The Central Bank of Egypt (CBE) has not filed an official request for a loan program from the International Monetary Fund (IMF), said the bank’s governor Tarek Amer on Monday.
“The CBE governor is the country's governor at the IMF, and we [the bank] do have regular discussions with the fund and exchange views on ongoing basis,” Amer told Ahram Online in a text message.
Reuters reported earlier on Monday - citing one of Egypt’s economic group ministers - that there are ongoing negotiations led by the CBE to acquire over five billion dollars in loans from the IMF.
“The figures quoted are incorrect. In case a program is sought, Egypt would be eligible for more than double the stated amount by virtue of its shareholding in the fund,” Amer said.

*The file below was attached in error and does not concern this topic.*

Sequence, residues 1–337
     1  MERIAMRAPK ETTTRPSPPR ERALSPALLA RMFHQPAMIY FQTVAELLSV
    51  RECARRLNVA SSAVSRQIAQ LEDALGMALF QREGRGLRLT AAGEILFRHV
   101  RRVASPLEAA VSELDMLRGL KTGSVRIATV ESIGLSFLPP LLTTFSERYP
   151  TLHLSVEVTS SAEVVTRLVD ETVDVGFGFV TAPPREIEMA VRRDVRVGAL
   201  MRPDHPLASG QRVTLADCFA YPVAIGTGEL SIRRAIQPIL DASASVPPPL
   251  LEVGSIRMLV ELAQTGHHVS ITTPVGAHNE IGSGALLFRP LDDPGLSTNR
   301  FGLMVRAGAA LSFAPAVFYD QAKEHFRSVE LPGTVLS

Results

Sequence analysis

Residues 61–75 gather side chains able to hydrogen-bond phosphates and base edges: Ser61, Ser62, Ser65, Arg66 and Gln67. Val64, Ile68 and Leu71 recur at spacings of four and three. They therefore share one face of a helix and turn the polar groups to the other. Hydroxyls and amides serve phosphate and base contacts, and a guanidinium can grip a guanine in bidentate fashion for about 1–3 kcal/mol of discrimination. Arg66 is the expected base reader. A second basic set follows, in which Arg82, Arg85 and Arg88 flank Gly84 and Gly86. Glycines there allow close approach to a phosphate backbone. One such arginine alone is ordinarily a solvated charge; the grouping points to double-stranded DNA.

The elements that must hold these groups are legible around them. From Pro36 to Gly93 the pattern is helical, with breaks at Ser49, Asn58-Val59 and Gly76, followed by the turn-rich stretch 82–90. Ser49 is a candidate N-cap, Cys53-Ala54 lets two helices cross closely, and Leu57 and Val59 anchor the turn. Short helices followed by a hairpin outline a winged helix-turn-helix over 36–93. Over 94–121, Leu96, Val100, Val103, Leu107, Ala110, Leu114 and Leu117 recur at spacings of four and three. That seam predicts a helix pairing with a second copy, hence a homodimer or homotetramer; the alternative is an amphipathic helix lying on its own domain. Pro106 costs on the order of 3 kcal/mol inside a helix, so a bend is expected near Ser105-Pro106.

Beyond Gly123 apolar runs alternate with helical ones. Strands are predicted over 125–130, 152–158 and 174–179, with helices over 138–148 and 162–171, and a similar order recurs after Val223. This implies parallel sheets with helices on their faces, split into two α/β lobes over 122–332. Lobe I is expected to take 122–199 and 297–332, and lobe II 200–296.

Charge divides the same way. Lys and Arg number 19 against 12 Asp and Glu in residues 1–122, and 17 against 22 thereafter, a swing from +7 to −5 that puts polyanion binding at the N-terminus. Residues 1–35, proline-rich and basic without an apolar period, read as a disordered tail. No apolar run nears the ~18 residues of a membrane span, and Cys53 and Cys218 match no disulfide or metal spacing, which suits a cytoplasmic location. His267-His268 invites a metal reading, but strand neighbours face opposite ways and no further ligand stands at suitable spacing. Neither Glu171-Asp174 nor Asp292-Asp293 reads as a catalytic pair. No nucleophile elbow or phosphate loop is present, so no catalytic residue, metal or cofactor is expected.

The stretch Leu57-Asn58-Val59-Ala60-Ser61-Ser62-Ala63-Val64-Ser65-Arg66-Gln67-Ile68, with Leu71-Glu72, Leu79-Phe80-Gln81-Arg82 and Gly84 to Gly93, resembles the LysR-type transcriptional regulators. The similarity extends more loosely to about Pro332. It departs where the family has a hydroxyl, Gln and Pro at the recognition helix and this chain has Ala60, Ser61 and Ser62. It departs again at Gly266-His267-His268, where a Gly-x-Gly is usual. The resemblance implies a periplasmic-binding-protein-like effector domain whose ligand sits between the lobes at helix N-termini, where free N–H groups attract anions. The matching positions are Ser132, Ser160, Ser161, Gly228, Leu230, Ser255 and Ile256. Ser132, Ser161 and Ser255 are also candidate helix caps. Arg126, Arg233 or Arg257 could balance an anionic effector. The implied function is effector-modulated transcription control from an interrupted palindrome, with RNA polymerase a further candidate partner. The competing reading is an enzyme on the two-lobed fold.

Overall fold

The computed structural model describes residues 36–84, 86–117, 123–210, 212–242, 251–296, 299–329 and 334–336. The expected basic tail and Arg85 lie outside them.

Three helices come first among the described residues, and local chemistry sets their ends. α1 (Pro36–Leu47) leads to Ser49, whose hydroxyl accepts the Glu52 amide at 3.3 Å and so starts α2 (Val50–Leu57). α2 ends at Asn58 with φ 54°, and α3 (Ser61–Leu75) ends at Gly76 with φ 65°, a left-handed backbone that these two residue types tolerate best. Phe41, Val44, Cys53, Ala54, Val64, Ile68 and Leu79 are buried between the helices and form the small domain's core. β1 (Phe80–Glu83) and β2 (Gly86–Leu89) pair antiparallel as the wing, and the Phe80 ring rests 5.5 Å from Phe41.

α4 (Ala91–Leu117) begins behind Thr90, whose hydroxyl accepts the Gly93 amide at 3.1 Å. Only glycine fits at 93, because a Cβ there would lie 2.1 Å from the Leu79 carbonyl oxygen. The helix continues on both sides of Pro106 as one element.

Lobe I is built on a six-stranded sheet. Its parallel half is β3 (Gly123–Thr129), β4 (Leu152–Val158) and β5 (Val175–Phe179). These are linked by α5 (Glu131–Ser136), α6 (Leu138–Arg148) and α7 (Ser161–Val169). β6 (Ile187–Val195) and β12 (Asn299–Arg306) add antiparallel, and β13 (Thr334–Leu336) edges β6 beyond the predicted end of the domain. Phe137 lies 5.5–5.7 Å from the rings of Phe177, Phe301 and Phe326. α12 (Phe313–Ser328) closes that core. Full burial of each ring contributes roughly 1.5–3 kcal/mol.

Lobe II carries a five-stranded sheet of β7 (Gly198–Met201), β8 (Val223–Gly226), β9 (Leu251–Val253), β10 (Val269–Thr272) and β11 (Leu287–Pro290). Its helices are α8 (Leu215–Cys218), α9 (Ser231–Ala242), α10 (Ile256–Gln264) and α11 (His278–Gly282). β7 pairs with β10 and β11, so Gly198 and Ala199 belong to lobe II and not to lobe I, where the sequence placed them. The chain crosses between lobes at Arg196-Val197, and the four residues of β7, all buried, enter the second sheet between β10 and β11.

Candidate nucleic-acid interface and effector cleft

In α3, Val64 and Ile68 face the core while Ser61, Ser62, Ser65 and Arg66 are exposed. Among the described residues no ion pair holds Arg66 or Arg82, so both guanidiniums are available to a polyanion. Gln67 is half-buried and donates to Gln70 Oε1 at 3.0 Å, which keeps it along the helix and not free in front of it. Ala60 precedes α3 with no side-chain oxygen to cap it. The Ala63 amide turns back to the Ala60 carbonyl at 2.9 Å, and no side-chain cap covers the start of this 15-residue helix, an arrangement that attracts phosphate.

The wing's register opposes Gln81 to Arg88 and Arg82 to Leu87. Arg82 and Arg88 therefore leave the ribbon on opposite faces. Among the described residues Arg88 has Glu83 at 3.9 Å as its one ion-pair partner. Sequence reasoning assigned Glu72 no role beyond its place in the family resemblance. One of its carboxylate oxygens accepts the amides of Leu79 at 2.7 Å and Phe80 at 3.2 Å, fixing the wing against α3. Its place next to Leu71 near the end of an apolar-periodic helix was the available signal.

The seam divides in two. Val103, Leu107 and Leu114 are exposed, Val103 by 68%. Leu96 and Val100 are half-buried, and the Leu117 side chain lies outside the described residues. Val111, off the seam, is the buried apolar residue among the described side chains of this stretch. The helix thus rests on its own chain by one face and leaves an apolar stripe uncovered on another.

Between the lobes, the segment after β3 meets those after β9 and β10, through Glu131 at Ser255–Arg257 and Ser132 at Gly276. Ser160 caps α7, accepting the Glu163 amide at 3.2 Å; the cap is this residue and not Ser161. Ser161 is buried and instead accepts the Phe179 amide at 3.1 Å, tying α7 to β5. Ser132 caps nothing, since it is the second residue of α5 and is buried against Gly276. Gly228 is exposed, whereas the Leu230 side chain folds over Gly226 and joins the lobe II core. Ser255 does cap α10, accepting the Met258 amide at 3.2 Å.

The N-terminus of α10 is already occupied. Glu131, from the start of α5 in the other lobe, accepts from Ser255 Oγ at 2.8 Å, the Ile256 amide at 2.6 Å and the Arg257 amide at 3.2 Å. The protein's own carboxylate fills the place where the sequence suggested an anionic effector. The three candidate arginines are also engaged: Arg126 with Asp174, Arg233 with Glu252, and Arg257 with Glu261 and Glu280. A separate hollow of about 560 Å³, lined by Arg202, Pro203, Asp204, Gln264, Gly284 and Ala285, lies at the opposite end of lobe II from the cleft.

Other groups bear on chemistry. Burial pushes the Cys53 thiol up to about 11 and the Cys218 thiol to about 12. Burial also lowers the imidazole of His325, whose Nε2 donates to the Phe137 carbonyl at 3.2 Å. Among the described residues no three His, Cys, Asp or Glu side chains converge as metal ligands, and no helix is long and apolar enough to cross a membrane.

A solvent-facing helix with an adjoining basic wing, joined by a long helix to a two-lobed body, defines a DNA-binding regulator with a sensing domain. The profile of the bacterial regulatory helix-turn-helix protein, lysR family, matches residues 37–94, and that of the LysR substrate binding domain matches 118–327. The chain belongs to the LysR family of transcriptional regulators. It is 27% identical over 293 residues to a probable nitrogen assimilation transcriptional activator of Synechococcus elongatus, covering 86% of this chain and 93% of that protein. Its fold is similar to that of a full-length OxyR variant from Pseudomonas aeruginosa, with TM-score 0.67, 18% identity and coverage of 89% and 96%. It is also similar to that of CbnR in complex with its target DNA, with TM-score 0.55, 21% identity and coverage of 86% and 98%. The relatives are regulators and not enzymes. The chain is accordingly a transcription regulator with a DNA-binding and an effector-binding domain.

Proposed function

Amer, who denied in March that Egypt is seeking loan from the IMF, said that the government is attempting to address economic challenges and is setting its own structural reform program which includes new budget targets that are currently discussed before the parliament, and the Value Added Tax (VAT).
Egypt will slash its total subsidy bill in the 2016-2017 fiscal year budget by 14 percent compared to the current fiscal year according to the latest data from the finance ministry.
The VAT, which is awaiting parliamentary approval, will be replacing sales tax and is planned to be set at a flat rate of 10 percent. Once implemented, the tax is expected to raise tax revenues by around EGP 30 billion.